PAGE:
Stocks hold close to records as wait continues for Congress

NEW YORK (AP) — U.S. stock indexes are holding close to their record levels Friday, as a week marked by tentative optimism for the economy’s prospects comes to a close.

The S&P 500 was 0.2% lower in early trading, a day after it and other major indexes returned to record heights. Hope that Congress may be nearing a deal to offer more financial support for the economy has helped put the S&P 500 on track for a 1.4% gain this week, which would more than make up for the prior week’s loss. So has enthusiasm about vaccines for COVID-19, which investors hope will get the economy back on the road to normalcy next year.

The Dow Jones Industrial Average was down 51 points, or 0.2%, at 30,252, as of 9:45 a.m. Eastern time. Like the S&P 500, it was drifting between small gains and losses. The Nasdaq composite was virtually flat.

Much of the market’s focus recently has been on Capitol Hill, where momentum has kicked back up for on-and-off-again talks for financial aid for the economy. Negotiations on nearly $1 trillion in relief had seemed on the brink of success, but talks are likely to continue into the weekend. The package could include benefits for laid-off workers and cash payments sent to most Americans.

Economists and investors say such the need for such action is urgent, as the worsening pandemic tightens its chokehold on the economy again. Reports this week showed that more workers are applying for jobless benefits and that sales for retailers slumped worse last month than economists expected.

The rising coronavirus counts and deaths are pushing governments around the world to bring back varying degrees of restrictions on businesses, and fear is keeping people and companies away from normal economic activity. The economic damage has mounted, meanwhile, the deep partisan divide in Washington has prevented Congress from reaching a deal for months.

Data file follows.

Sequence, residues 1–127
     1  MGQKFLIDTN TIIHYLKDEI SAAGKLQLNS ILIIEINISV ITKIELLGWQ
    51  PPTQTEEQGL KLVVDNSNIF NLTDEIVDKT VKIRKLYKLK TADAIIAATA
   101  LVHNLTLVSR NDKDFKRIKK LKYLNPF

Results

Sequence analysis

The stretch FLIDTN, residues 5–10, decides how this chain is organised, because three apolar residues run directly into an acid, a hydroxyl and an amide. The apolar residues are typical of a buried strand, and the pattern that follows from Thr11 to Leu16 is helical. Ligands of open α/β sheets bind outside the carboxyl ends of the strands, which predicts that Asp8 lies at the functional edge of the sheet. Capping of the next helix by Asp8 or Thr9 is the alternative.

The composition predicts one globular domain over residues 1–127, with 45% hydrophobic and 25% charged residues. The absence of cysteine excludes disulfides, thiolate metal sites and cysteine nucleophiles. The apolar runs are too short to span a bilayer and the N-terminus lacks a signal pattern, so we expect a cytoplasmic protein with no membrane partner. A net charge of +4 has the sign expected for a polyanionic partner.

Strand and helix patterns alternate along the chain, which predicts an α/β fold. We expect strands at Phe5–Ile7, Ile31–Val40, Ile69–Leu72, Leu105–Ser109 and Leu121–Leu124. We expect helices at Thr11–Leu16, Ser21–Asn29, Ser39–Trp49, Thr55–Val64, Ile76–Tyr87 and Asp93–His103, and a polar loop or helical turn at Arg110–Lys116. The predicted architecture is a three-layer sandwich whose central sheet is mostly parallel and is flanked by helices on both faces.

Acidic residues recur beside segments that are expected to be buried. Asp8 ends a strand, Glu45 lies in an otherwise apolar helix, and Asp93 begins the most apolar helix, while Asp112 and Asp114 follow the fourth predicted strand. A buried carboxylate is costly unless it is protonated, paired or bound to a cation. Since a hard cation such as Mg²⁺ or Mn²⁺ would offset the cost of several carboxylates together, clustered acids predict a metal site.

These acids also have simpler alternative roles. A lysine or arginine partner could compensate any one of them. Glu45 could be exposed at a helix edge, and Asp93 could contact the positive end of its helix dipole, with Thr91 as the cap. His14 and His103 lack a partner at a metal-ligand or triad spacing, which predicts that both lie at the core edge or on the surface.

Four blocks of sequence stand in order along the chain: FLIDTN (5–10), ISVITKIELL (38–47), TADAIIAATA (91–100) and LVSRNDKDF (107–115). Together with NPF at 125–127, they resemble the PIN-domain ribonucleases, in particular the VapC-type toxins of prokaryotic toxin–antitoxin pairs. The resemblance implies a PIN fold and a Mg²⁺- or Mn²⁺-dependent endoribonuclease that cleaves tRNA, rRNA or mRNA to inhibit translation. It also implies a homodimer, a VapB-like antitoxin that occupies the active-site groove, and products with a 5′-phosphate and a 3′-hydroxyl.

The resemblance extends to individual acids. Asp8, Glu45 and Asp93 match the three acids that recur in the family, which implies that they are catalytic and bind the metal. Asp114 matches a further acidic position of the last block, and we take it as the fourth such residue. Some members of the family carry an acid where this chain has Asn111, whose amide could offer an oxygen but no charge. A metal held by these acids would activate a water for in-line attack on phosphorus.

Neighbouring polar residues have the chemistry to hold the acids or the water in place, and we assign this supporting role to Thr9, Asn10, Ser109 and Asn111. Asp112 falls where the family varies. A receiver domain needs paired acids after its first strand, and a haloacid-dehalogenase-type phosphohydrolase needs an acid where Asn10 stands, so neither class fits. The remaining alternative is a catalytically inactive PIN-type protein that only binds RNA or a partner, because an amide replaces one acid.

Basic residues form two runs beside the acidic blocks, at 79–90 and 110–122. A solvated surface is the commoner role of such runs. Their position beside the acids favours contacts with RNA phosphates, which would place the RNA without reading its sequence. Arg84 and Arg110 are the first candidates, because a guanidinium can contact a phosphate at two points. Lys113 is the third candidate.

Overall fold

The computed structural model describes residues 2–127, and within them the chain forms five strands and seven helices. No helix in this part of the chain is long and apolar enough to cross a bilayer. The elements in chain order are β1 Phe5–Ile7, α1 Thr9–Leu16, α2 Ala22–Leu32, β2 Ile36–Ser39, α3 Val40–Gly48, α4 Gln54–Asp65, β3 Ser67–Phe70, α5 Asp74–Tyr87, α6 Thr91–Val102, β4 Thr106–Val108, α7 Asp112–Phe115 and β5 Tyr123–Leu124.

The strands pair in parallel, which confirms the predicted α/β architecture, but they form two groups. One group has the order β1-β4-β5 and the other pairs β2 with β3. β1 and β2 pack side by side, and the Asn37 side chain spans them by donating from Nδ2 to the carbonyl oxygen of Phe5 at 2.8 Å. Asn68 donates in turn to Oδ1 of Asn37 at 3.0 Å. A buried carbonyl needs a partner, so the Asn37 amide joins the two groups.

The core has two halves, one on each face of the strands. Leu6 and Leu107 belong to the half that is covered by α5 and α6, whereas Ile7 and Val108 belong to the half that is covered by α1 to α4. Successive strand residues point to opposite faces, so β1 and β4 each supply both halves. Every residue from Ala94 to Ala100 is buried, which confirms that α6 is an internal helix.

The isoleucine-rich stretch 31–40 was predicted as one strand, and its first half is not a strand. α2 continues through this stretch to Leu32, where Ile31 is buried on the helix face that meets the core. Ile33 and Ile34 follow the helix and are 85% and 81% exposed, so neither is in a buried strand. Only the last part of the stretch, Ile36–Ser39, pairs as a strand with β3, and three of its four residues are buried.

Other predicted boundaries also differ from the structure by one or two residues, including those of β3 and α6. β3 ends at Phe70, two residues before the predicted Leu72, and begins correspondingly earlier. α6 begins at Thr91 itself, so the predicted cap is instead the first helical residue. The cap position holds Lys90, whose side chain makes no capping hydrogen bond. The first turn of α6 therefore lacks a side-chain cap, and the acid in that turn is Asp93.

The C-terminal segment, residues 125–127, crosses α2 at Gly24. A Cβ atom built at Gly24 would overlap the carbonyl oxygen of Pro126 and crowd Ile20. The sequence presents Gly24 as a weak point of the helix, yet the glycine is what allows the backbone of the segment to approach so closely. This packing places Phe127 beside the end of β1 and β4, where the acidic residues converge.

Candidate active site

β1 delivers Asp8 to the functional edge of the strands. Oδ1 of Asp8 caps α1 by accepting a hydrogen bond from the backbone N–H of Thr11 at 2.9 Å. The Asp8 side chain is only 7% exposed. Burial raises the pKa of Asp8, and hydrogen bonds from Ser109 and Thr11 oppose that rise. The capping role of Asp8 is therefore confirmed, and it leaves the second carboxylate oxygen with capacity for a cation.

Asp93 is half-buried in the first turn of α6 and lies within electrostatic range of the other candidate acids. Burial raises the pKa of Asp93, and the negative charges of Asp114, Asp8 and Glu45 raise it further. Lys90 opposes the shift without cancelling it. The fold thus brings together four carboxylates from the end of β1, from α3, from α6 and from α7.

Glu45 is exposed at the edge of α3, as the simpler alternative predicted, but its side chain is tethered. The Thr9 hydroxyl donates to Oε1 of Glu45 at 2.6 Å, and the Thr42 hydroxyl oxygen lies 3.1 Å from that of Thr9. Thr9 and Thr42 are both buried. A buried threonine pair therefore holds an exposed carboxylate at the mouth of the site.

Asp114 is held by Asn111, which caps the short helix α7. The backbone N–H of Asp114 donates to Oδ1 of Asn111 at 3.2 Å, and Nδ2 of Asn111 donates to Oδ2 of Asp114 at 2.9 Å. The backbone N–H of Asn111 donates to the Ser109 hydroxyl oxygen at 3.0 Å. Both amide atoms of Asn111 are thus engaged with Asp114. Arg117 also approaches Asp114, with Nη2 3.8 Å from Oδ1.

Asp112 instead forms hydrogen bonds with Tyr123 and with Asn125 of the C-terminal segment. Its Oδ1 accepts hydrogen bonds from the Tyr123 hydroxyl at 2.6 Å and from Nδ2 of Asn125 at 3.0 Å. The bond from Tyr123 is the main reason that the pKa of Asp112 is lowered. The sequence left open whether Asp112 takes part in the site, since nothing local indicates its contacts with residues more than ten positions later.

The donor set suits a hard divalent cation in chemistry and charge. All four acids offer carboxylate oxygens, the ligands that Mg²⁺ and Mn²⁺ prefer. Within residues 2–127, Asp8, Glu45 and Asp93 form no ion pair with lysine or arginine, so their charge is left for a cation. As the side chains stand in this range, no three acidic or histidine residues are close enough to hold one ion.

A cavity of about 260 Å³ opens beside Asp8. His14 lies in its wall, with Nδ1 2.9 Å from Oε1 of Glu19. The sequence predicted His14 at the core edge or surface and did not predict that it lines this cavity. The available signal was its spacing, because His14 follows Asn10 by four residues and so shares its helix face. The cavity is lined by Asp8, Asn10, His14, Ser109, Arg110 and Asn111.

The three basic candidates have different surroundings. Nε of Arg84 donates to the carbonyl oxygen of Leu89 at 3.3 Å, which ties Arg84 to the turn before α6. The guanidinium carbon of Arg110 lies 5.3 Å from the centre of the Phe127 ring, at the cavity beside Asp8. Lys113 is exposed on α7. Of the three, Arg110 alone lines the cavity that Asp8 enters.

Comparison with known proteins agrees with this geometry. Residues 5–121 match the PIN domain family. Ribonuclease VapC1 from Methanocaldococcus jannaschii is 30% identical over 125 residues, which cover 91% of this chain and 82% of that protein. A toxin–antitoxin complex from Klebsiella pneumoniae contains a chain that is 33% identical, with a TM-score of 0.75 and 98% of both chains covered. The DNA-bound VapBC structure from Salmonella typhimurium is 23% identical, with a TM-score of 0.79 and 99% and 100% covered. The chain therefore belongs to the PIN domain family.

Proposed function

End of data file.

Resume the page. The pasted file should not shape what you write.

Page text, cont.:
Wall Street’s hope is that Congress can approve big stimulus for the economy, which could carry the economy through what’s expected to be a dismal winter, before a round of COVID-19 vaccines can help it begin to stand on its own next year.

The nation’s first coronavirus vaccine just began rolling out this past week, and Vice President Mike Pence got a shot on live television Friday in hopes of assuring Americans that it’s safe. That vaccine was developed by Pfizer and BioNTech. A second vaccine from Moderna and the National Institutes of Health may also be on the brink of regulatory approval after a government advisory panel endorsed it on Thursday.

Of course, it will be months before most people will be able to get access to a vaccine, and the pandemic is likely to do even more damage in the interim.

In the bond market, Treasury yields were holding relatively steady. The yield on the 10-year Treasury ticked up to 0.92% from 0.91% late Thursday.

Earlier this week, the Federal Reserve pledged to keep buying bonds in hopes of supporting the economy until it sees substantial progress made. It also repeated its pledge to keep interest rates at their record low of nearly zero. Such moves have helped underpin the market since the spring, when the Fed stepped forcefully into markets with emergency actions.

Stock markets overseas were also making mostly modestly moves.

In Asia, the Nikkei 225 slipped 0.2% after Japan’s central bank extended an emergency loan program by six months and left monetary policy unchanged, as expected.

South Korea’s Kospi edged up by 0.1%, Hong Kong’s Hang Seng fell 0.7% and stocks in Shanghai slipped 0.3%.

In Europe, the DAX in Frankfurt gained 0.1%, and the CAC 40 in France slipped 0.3%. The FTSE 100 in London rose 0.1%.